@OTTHydrometry @EnvAgency @CEHScienceNews #Water #Environment

Simulating the Effect of Climate Change on Agriculture.

Increased atmospheric CO2 levels and climate change are believed to contribute to extreme weather conditions, which is a major concern for many. And beyond extreme events, global warming is also predicted to affect agriculture.1,2

While climate change is expected to affect agriculture and reduce crop yields, the complete effects of climate change on agriculture and the resultant human food supplies are yet to be fully understood.2,3,4

Simulating a Changing Climate
In order to understand how changes in CO2, temperature and water availability caused by climate change have an impact on crop growth and food availability, Researchers often use controlled growth chambers to grow plants in conditions that mimic the predicted atmospheric conditions at the end of the century. These controlled growth chambers enable precise control of temperature, CO2 levels, humidity, water availability, light quality and soil quality, allowing Scientists to study how plant growth changes in response to elevated temperatures, elevated CO2 levels and altered water availability.

However, plant growth / behaviour in the field considerably varies from in growth chambers. Owing to differences in light intensity, light quality, evaporative demand, temperature fluctuations and other abiotic and biotic stress factors, the growth of plants in tiny, controlled growth chambers does not always sufficiently reflect plant growth in the field. Moreover, the less realistic the experimental conditions used during simulation experiments of climate change, the less likely the resultant predictions will reflect reality.4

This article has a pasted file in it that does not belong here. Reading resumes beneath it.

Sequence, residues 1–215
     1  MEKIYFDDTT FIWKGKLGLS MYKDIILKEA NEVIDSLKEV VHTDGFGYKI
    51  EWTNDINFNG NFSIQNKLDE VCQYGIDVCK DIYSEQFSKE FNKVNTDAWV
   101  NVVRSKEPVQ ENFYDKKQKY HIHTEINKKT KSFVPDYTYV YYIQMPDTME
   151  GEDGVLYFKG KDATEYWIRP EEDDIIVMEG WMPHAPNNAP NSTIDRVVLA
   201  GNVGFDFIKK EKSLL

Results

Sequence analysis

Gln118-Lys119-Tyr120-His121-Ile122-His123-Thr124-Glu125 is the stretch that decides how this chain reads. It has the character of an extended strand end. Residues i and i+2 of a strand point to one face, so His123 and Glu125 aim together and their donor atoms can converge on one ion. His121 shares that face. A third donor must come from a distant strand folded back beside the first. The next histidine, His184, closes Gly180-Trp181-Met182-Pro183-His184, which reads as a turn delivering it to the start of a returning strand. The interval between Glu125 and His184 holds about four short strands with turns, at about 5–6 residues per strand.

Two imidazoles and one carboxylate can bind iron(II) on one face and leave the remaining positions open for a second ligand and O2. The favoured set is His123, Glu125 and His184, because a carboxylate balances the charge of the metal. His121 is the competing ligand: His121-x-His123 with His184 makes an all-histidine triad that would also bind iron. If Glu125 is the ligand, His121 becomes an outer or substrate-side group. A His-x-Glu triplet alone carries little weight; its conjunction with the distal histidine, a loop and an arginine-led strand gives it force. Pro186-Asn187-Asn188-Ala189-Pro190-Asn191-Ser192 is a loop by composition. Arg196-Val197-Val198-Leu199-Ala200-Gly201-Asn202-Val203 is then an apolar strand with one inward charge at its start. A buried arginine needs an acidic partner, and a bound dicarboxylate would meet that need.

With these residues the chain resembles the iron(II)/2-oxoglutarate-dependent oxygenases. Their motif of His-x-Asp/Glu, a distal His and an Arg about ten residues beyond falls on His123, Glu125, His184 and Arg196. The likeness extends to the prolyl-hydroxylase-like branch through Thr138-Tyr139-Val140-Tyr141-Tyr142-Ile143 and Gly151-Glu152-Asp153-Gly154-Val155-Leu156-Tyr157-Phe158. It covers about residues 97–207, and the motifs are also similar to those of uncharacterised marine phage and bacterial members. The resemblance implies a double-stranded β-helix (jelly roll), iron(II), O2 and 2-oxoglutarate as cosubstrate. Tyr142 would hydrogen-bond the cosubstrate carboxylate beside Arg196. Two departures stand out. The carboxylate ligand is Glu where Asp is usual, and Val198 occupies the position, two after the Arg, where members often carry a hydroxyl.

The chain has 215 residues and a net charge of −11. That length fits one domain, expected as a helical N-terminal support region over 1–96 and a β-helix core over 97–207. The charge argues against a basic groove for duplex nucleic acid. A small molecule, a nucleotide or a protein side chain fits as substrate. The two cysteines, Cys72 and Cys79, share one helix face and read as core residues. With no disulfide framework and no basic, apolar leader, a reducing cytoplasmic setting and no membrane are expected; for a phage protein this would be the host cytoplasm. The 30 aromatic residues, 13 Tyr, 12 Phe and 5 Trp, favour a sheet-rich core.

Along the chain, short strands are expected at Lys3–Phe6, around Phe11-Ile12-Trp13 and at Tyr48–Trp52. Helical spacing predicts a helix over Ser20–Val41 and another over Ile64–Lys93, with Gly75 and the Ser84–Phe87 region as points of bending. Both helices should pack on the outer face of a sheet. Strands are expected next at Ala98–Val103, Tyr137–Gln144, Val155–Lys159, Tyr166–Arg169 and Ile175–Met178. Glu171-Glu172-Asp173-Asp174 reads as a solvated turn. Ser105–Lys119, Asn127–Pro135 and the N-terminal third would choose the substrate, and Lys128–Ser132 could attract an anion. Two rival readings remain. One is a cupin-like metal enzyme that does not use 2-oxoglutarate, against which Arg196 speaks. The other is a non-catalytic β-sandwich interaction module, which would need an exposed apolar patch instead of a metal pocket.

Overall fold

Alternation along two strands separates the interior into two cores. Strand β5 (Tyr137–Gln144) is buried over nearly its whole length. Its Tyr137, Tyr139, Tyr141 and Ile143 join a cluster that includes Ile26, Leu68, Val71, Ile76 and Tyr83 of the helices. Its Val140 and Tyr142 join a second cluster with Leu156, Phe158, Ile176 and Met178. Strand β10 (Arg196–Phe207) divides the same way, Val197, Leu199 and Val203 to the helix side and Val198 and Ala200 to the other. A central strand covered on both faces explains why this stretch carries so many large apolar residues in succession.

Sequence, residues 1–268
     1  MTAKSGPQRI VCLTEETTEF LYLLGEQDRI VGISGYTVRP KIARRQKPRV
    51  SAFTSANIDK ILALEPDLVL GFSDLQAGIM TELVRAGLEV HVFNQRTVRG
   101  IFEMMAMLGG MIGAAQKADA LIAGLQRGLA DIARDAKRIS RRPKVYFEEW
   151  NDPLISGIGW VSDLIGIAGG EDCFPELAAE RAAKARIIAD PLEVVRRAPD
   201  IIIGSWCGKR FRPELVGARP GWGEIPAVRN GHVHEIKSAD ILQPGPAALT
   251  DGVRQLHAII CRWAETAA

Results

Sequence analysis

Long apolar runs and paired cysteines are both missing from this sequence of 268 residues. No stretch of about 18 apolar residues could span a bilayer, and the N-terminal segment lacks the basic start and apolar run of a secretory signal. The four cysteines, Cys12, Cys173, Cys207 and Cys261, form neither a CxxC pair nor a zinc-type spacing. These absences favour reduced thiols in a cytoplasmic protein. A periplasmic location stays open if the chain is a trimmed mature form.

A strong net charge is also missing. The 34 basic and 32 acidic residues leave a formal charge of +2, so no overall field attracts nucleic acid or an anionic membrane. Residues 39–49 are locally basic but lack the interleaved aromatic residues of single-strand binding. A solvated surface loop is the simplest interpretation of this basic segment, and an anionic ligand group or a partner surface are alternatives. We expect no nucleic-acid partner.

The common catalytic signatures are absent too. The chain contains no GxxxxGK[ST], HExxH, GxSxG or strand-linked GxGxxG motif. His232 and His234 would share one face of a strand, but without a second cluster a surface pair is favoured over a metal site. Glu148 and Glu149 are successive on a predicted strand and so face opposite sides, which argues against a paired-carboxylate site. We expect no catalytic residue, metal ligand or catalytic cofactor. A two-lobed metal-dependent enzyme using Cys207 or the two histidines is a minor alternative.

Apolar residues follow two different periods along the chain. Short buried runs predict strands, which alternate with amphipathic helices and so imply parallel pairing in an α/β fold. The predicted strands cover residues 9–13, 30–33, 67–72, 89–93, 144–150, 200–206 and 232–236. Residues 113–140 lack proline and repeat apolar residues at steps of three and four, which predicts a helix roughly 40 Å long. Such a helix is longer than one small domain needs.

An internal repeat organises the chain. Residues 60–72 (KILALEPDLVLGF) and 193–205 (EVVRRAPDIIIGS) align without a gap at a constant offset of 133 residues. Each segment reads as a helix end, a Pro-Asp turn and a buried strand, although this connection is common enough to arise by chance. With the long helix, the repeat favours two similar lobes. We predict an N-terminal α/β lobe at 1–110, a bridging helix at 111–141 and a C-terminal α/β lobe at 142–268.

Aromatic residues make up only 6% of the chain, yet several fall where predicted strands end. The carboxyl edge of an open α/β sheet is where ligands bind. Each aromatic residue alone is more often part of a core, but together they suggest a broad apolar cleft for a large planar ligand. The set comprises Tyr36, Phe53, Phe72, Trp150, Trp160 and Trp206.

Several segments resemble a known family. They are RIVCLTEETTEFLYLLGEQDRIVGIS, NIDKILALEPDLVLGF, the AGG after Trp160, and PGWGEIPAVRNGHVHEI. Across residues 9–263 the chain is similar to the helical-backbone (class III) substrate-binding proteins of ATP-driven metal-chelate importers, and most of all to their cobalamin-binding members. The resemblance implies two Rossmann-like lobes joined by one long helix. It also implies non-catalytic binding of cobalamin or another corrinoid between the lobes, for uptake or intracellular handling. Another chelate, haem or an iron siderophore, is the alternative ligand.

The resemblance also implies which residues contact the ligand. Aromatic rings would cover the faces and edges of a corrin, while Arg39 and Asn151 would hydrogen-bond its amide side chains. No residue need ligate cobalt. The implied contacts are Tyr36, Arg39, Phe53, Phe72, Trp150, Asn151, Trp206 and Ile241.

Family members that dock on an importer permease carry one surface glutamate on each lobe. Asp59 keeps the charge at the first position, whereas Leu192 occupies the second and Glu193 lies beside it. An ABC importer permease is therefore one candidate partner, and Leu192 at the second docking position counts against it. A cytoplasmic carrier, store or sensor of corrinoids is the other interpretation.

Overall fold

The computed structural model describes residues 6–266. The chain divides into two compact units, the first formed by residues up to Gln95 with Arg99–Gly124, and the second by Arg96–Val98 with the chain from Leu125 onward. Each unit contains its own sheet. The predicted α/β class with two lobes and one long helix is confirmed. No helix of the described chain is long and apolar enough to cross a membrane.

Several attempts have been made over the past 30 years to more closely stimulate climate change growing scenarios including free air CO2 enrichment, open top chambers, free air temperature increases and temperature gradient tunnels, although all these methods are known to have major disadvantages. For instance, chamber-less CO2 exposure systems do not enable stringent control of gas concentrations, while other systems suffer from “chamber effects” such as changes in humidity, wind velocity, temperature, soil quality and light quality.4,5

Spanish Researchers have recently reported temperature gradient greenhouses and growth chamber greenhouses, which are specifically designed to remove some of the disadvantages of simulating the effects of climate change on crop growth in growth chambers. An article reporting their methodology was featured in Plant Science in 2014, describing how the Researchers used temperature gradient greenhouses and growth chamber greenhouses to simulate climate change conditions and study plant responses.4

Choosing the Right Growth Chamber
Compared to traditional growth chambers, temperature gradient greenhouses and controlled growth chambers offer increased working area, allowing them to work as greenhouses without the necessity for isolation panels while still allowing precise control of various environmental factors such as temperature, CO2 concentration and water availability.